Kieslowski commonplace

“I believe the life of every person is worthy of scrutiny, containing its own secrets and dramas. People don’t talk about them because they are embarrassed, because they do not like to scratch old wounds, or are afraid of being judged unfashionably sentimental. Therefore [Krzysztof Piesiewicz and I] wanted to start each film in such a way that would that the lead character had been chosen by the camera almost by accident, as if one of many. The idea occurred to us of showing a huge stadium in which, from among the hundred thousand faces, we would focus on one in particular. There was also the idea of the camera picking out one person from a crowded street and then following that person for the rest of the film. Finally we decided to place the action of The Decalogue in a large housing estate, with thousands of similar windows framed within the establishing shot. Behind each of these windows, we said to ourselves, is a living human being, whose mind, whose heart and, even better, whose stomach is worthy of investigation.”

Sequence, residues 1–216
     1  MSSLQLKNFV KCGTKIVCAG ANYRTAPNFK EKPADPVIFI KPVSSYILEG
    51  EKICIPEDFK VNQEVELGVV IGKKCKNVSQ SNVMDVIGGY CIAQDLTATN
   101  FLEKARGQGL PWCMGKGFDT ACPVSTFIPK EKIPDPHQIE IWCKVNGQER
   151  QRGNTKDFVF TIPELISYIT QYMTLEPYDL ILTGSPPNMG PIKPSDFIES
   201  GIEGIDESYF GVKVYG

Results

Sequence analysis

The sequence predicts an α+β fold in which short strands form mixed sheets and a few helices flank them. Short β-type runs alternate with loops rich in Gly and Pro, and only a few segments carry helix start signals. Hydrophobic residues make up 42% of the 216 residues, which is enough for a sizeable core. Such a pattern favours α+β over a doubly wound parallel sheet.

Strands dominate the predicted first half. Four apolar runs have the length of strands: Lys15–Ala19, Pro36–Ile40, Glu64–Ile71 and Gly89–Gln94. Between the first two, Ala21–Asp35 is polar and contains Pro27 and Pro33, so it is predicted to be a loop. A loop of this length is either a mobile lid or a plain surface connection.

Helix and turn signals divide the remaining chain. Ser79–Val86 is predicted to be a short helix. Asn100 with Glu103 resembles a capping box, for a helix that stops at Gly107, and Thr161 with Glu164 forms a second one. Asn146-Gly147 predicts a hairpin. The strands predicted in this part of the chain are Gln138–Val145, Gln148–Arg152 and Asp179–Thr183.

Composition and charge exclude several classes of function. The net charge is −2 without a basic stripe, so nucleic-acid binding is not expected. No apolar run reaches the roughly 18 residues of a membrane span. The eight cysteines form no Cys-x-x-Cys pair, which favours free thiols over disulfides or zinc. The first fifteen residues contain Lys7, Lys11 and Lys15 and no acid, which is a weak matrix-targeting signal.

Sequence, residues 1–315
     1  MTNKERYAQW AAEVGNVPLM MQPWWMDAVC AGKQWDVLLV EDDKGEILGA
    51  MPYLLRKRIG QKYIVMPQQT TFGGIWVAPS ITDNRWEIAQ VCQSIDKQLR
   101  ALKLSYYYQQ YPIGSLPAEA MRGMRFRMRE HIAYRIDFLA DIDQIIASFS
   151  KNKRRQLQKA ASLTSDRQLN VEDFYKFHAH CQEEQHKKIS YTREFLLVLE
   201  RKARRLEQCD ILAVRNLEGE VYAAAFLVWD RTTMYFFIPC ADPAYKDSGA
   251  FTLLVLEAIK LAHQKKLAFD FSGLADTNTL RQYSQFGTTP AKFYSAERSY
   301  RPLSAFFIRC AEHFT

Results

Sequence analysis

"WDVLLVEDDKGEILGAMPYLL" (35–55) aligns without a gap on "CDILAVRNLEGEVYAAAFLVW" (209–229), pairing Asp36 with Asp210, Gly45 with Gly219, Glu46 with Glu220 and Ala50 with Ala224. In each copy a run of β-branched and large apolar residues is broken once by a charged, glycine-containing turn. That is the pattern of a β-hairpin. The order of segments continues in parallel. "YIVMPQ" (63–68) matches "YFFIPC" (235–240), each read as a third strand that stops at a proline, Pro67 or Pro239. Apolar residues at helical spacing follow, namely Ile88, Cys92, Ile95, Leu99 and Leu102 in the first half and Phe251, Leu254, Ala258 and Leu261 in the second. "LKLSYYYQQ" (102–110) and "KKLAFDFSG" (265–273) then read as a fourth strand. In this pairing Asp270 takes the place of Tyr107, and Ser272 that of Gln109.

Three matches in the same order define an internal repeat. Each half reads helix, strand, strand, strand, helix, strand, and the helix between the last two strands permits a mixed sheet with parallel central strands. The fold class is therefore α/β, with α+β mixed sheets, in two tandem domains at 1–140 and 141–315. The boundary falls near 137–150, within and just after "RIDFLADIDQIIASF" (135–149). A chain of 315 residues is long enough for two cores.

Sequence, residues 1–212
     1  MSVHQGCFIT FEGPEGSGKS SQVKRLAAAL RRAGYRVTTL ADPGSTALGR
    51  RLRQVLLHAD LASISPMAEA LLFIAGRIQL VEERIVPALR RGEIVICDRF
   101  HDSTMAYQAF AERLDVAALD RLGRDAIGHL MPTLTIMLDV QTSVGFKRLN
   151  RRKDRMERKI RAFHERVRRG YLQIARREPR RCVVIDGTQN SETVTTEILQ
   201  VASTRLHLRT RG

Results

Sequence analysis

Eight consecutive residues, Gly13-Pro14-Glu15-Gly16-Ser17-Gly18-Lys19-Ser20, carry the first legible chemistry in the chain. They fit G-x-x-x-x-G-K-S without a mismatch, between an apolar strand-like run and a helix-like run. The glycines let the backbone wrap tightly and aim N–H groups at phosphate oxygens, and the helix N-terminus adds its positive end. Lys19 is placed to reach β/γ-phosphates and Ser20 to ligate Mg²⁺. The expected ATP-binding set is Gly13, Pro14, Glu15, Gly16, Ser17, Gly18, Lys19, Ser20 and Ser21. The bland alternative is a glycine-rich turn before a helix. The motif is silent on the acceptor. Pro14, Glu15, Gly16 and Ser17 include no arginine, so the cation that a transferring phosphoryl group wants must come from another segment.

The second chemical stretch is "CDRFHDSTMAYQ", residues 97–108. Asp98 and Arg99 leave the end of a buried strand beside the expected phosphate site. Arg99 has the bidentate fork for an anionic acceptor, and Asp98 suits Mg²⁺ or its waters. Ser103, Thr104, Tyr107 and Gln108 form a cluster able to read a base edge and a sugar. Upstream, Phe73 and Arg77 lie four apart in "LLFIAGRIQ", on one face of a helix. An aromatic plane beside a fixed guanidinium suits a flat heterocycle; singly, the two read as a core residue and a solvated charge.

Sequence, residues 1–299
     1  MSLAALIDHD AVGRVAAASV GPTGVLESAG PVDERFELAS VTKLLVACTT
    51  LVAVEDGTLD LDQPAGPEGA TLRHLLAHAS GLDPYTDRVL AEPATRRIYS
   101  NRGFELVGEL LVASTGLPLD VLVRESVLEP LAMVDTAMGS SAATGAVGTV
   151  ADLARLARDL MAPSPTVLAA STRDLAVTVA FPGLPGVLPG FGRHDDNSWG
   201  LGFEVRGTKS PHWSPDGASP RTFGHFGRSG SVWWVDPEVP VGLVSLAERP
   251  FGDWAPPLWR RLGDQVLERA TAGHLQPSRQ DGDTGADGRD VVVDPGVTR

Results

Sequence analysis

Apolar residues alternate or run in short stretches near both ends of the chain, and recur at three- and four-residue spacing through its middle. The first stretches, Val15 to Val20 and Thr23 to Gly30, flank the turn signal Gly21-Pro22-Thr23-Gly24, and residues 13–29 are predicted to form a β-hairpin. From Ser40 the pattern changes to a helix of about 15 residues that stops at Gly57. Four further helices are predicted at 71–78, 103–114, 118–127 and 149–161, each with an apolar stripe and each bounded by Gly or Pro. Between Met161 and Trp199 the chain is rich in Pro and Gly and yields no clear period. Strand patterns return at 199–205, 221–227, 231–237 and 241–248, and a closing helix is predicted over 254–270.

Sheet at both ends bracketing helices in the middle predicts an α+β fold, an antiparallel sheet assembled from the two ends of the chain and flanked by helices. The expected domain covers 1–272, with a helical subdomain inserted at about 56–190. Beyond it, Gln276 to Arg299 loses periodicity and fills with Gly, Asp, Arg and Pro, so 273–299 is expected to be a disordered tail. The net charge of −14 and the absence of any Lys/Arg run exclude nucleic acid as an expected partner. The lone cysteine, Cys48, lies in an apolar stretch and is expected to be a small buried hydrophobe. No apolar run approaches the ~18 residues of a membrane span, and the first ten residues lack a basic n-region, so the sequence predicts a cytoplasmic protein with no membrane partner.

—Krzysztof Kieslowski, from “An Introduction to The Decalogue” (1991)

The Krzysztof Kieslowski blog-a-thon starts right here on Friday. I’ll post my entry on Thursday evening, and will update Friday’s blog-a-thon listing at least twice a day. Join me, and spread the word.

About Walter Biggins

Walter Biggins is a writer based in Atlanta, GA. He is the co-author (with Daniel Couch) of Bob Mould's Workbook (Bloomsbury, 2017). His work has been published in The Quarterly Conversation,, Bookslut (RIP), The Comics Journal, The Baseball Chronicle, and other periodicals. Twitter: @walter_biggins.
This entry was posted in Commonplace, Film. Bookmark the permalink.

One Response to Kieslowski commonplace

  1. Andy Horbal says:

    I might have to hit you later in the weekend, but the approach I’ve decided to take to this ‘thon will definitely yield something!

Leave a Reply

Fill in your details below or click an icon to log in: Logo

You are commenting using your account. Log Out /  Change )

Google+ photo

You are commenting using your Google+ account. Log Out /  Change )

Twitter picture

You are commenting using your Twitter account. Log Out /  Change )

Facebook photo

You are commenting using your Facebook account. Log Out /  Change )


Connecting to %s